I was having a little think the other day about the amount of people who go through life holding themselves back from pursuing their dreams. The amount of people who hold themselves back from doing the purposeful work that they think they want to pursue.
What’s holding them back?
Fear of putting themselves out there in public. Fear of failure. Fear of being judged. Fear of choosing the wrong path. Fear of not being good enough.
Do any of these fears sound familiar? They’re very common, and hold a lot of people back from pushing themselves into the discomfort and uncertainty of meaningful work.
These fears cause us to procrastinate, distract ourselves, comfort ourselves with food and social media and shopping and games, avoid even thinking about it, and beat ourselves up for not doing anything.
If we could deal with these fears, we’d all be highly successful in whatever we wanted from life.
I’d like to share just a few techniques that will help overcome that fear and hopefully allow you to pursue your dreams:
Allow yourself to feel the fear
This is where we bring in mindfulness — when you’re feeling fear, instead of turning away from it or trying to escape/avoid it… try running towards it. Actually allow yourself to feel the fear. We don’t often want to feel it, but we have a greater capacity to feel fear that we give ourselves credit for.
Try it: notice how the fear feels in your body. Not your story about it, but the actual physical sensations of the fear in your body. Allow yourself to stay with it, to be with it, to tell yourself that it’s OK. Be friendly towards yourself and the feeling of fear, gentle, curious, open.
You will transform your relationship with it, even if it doesn’t go away. In fact, you’ll start to realise that you don’t need to get rid of the fear, you don’t need to do anything about it. It’s not a problem, it’s just a feeling, just an experience, just a part of the meaningful work you want to do.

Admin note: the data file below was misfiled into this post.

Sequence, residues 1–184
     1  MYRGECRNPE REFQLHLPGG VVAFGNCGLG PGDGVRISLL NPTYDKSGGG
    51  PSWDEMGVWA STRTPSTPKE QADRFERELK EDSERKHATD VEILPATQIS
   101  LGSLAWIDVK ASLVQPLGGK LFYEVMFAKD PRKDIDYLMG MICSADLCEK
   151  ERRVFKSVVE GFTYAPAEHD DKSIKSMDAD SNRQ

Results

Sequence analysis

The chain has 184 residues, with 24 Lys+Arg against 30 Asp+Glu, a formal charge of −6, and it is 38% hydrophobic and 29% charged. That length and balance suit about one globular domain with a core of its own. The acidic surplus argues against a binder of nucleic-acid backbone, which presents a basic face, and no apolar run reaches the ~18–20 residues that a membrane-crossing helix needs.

Most people make the mistake of imagining themselves at the scariest part of the journey of their meaningful work — speaking in front of a huge crowd if you want to do public presentations, having an audience of hundreds of people if you want to write a blog or do a podcast, managing a huge team if you want to run a non-profit organisation.
But that’s like wanting to be an actor and starting at the Oscars. You’re not ready for that kind of pressure. Instead, start with smaller organisations, freelance, do it for yourself and work your way up.
If you’re an author, this means just write one blog post. No one will read it at first, so there’s no pressure. Then write another in your own time.
If you want to do public speaking, just speak in front of a few friends. Then a group of 10 people. One small step at a time, and you’ll get more and more prepared as you do each step.
This is known as “exposure therapy” — exposing yourself gradually to the thing you fear, starting with the least scary version of it. It is quite effective, and you can use it by structuring your progress gradually, starting very small.
Practice Dropping Your Ego
Fear comes up because we have a story about what might happen to us — for example, “If I try to write this book (or start this business), I’ll fail, people will judge me, because I’m not good enough.” This is natural, and it’s good to notice what our story is, to become more self aware, and then to start to see its power over us.
Once we become more aware of the story, we can practice dropping it. And dropping the ego (self-centeredness) that is at the centre of the story. How? By dropping into the present moment, becoming aware of the sensations of the body, the breathe, the fear, and everything that surrounds you.
Dropping into the present moment, becoming fully immersed in what is happening right now, our ego drops away. The story about what might happen drops away. We can’t think about both at the same time. So the story will come back (along with our self concern) and then we practice dropping everything again and being present. Arise and drop, over and over, until we get good at letting go and being here.
Being in the present, we can do the work. Take the next step. Not worry about ourselves, but instead take action for the sake of the people we most deeply want to serve.
Open, Open, Open to Joy
So we’re taking small steps (exposing ourselves gradually to the fear), we’re feeling the fear, we’re dropping the ego and stepping into the present — now from this place, we can practice opening.
What is practising opening like? Imagine that you have to do the hard work to get your meaningful project started. You feel the fear and resistance, stay present with it, but open to the action of the task in front of you. You become fully present with the task, opening your mind and heart to it. You start to fully appreciate the beauty and joy of the task, opening yourself to this incredible experience, which might include discomfort, uncertainty, fear and resistance. All of it.
It’s all mixed in with the joy and gratitude you feel for being here, now, with this task. Doing it for people you care about, not only yourself. It’s fantastic, and you have the privilege of being able to do it.
If you’d like to dive deeper into facing this fear, come practice with me in my personal development coaching sessions. We’re going to train in this together.